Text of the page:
13. Gay-Lussac’s Law • when gases react with one another, the volume ratios in which they react are simple, whole numbers • implies that atoms/molecules are reacting in whole-number ratios

  14. from textbook

  15. Avogadro’s Law • interpreted Gay-Lussac’s Law on a molecular level using Dalton’s atomic theory • the volume of a gas is directly related to the number of gas molecules • V = constant x nor V/n = constant

  16. Avogadro’s Hypothesis • equal volumes of (different) gases at the same temperature and pressure contain an equal number of molecules (but not necessarily the same masses) HW: 10.19

  17. Ideal Gas Law • combine all gas laws and we get: V = constant x n x T P • rearranging and designating R as our gas constant, we get: PV = nRT • known as the ideal gas equation because it describes a theoretical gas that is accurately described by this equation • used to describe a gas under unchanging conditions

  18. The Gas Constant • many possible values, but we will use R= 0.0821 L•atm/mol•K or R= 62.4 L•torr/mol•K • this means that you must always convert volume to liters, pressure to atmospheres or torr, and temperature to Kelvin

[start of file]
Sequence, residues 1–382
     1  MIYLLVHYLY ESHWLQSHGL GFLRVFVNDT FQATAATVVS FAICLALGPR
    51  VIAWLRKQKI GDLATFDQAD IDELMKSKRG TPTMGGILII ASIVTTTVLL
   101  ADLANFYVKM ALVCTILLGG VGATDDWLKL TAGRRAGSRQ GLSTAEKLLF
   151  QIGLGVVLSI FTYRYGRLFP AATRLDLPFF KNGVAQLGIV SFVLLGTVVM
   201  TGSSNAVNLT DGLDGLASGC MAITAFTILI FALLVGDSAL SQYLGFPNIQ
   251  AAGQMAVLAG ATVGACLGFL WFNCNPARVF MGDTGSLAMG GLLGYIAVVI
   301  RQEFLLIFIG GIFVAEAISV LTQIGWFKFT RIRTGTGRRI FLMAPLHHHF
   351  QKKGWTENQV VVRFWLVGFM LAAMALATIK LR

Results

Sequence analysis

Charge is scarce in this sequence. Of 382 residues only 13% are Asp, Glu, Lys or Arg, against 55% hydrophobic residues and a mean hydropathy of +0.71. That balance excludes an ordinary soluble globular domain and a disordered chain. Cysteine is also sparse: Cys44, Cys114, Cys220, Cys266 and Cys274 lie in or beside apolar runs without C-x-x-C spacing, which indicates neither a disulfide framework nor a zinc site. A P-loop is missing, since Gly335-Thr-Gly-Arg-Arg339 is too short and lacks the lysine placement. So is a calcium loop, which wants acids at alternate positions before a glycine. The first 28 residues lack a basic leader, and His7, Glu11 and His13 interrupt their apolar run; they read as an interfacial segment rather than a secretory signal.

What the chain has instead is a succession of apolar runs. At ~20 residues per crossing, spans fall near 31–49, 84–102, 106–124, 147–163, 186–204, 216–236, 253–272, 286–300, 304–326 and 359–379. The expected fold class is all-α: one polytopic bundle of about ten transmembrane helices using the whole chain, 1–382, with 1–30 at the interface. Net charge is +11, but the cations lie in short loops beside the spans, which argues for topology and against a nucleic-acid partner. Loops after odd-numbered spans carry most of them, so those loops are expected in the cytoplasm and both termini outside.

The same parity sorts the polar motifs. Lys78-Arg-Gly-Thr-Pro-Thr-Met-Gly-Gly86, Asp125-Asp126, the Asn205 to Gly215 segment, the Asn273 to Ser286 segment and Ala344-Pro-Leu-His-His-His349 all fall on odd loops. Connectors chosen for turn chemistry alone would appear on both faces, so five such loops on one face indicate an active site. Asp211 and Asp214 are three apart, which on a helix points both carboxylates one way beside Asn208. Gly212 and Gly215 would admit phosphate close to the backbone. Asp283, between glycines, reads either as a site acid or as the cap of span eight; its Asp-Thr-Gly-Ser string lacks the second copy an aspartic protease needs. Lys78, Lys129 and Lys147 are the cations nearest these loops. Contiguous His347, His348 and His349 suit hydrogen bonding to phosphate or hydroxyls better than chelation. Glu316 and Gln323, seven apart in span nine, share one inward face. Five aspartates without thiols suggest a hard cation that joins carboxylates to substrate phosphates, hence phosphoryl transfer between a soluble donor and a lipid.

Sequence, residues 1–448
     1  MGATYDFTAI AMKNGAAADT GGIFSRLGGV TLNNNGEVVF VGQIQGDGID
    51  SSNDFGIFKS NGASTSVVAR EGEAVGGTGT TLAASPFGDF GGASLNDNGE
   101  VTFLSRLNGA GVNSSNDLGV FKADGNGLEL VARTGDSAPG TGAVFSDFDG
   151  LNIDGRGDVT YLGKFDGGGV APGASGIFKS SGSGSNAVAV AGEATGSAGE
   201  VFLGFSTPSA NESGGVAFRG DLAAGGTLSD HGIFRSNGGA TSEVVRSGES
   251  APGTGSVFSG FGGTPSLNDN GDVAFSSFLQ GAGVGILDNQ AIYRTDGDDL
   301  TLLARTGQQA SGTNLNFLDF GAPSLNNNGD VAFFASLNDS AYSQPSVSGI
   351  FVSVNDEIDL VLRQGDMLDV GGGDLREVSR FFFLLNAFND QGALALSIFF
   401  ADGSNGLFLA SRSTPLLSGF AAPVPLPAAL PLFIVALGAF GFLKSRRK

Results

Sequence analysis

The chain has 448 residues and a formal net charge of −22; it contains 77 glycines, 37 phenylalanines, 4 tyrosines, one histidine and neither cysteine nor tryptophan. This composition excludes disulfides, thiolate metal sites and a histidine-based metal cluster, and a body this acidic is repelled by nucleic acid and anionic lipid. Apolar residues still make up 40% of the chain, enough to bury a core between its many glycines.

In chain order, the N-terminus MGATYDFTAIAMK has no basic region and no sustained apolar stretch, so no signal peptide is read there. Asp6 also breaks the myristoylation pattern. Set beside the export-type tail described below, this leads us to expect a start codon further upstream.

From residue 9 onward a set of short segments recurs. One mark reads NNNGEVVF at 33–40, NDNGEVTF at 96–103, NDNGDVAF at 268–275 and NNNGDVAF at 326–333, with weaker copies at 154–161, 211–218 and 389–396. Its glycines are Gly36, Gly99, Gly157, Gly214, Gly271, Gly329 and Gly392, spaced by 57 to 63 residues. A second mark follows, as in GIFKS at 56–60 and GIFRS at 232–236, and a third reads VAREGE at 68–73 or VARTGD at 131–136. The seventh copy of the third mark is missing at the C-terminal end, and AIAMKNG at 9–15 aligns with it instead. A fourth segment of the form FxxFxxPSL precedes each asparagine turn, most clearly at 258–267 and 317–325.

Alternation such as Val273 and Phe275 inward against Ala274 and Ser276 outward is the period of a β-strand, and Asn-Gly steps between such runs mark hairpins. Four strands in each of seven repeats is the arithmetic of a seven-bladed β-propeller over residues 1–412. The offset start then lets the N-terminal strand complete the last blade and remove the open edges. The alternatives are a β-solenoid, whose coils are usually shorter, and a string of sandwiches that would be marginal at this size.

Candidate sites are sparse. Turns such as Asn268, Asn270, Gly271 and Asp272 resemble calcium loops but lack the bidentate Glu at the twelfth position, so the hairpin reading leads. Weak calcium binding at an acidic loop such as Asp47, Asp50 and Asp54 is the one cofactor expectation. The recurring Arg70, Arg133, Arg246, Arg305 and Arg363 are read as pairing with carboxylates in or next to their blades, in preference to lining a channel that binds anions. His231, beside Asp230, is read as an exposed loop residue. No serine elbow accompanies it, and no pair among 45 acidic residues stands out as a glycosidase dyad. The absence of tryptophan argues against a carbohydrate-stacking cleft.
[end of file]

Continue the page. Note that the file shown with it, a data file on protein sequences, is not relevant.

19. Example Calculation #1 • Nitrogen gas fills a syringe at 28.5 °C. The pressure equals 111.3 kPa when the syringe expands to 35.6 mL. How many grams of nitrogen are present? HW: 10.24 (c) & (d), 10.30 (a)

  20. Molar Volume • the volume of 1.000 mol of gas at standard temperature and pressure • STP= 1.000 atm and 273 K

  21. Example Calculation #2 • Calculate the molar volume at STP. HW: 10.22

  22. Combined Gas Law • used to describe a gas under changing conditions • P1V1 = P2V2 T1 T2 • remember to keep temperature in Kelvin, other units don’t matter so long as they are CONSISTENT • if one variable remains constant, remove it from both sides of the equation

  23. Example Calculation #3 • A gas at STP is heated to a temperature of 88.0 °C, pressure of 768 torr, and a volume of 56.7 mL. What was the original volume of the gas? HW: 10.18, 10.32 (a) & (b)